hursday, December 29, 2011

"Of Diets Most Diabolical," by Sir Frederick Chook

Of Diets Most Diabolical
By Sir Frederick Chook

Sir Frederick Chook is a foppish, transcendentalistic historian and the author of FrillyShirt. He lives variously by his wits, hand to mouth, la vie bohème, and in MELBOURNE with his wife, Lady Tanah Merah. When not reading Milton and eating Stilton, he writes, ponders, models, delves into dusty archives, and gads about town. He has dabbled in student radio and in national politics, and is presently studying the ways of the shirt-sleeved archivist. He is a longhair, aspiring to one day be a greybeard. He has, once or twice, been described as “as mad as a bicycle.” Read his collected works at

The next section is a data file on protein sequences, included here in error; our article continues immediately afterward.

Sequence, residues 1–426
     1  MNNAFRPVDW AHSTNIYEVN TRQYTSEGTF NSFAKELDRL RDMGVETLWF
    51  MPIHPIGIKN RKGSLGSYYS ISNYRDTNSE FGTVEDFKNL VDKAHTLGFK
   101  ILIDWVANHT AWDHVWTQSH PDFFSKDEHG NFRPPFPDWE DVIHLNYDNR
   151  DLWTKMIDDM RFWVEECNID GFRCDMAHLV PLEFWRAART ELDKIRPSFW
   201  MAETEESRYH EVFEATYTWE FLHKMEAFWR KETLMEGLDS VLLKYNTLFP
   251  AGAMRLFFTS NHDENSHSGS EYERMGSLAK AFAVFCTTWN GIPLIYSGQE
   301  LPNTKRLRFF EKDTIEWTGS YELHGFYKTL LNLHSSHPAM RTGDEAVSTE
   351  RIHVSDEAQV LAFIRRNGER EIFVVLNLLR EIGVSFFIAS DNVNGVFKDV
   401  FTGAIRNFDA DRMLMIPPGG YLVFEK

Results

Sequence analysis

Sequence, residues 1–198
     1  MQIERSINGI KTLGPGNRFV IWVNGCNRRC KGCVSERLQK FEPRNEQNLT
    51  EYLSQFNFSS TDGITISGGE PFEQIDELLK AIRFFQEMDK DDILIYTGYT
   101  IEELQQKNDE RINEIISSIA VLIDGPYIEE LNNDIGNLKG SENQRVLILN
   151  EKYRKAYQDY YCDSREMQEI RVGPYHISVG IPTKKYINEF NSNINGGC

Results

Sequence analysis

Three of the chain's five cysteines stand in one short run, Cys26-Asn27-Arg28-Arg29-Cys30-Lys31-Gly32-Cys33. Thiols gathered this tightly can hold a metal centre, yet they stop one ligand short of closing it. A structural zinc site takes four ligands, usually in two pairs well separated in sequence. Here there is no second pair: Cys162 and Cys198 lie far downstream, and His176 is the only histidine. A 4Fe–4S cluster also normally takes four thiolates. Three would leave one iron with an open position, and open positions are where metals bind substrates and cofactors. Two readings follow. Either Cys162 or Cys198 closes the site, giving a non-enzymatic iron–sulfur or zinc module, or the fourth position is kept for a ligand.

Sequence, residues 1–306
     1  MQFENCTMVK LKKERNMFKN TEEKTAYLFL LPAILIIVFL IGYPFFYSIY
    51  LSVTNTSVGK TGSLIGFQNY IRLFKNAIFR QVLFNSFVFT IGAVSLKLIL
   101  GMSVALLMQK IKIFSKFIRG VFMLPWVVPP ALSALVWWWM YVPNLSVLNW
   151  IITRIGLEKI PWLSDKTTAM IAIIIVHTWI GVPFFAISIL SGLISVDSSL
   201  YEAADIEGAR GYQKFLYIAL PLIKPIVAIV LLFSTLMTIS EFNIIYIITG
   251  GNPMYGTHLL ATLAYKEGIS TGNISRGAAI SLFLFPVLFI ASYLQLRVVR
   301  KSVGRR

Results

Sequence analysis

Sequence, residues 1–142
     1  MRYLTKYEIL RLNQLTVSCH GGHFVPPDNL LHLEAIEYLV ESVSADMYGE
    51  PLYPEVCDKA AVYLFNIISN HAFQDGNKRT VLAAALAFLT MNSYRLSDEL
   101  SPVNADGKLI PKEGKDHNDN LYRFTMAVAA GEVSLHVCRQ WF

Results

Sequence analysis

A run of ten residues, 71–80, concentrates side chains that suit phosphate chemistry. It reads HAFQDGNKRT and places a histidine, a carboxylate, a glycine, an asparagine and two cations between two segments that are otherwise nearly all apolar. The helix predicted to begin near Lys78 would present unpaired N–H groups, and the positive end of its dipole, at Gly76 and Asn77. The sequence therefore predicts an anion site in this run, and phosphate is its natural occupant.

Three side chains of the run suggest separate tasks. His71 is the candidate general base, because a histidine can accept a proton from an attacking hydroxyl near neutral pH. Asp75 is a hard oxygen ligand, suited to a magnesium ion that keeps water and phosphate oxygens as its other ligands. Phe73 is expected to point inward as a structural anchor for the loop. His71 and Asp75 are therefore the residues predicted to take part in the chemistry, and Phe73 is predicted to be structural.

For a number of years, I have been a practising vegetarian (a curious expression - a non-practising vegetarian would, I suppose, be one brought up in the faith, but who now only forgoes meat at Easter and Christmas.) Meatless diets have been proscribed throughout history, by different persons and with different reasons. The Shelleys condemned the eating of flesh as causing disease and madness, including the social maladies of crime and tyranny. Many religions advocate against, limit or forbid the consumption of meat, ranging from the absolute reverence of life held by Jains to the pre-Flood vegetarianism described in Genesis. H. G. Wells' The War of the Worlds, with its description of captured humans used as a sort of cattle by the technocratic Martians, caused some popular revulsion to meat-eating, though the author's intention was more a metaphor for Britain's colonial expansion - but then, the reading public is terribly sensitive about its food. Upton Sinclar had a similar experience when describing the meat industry in The Jungle, I believe.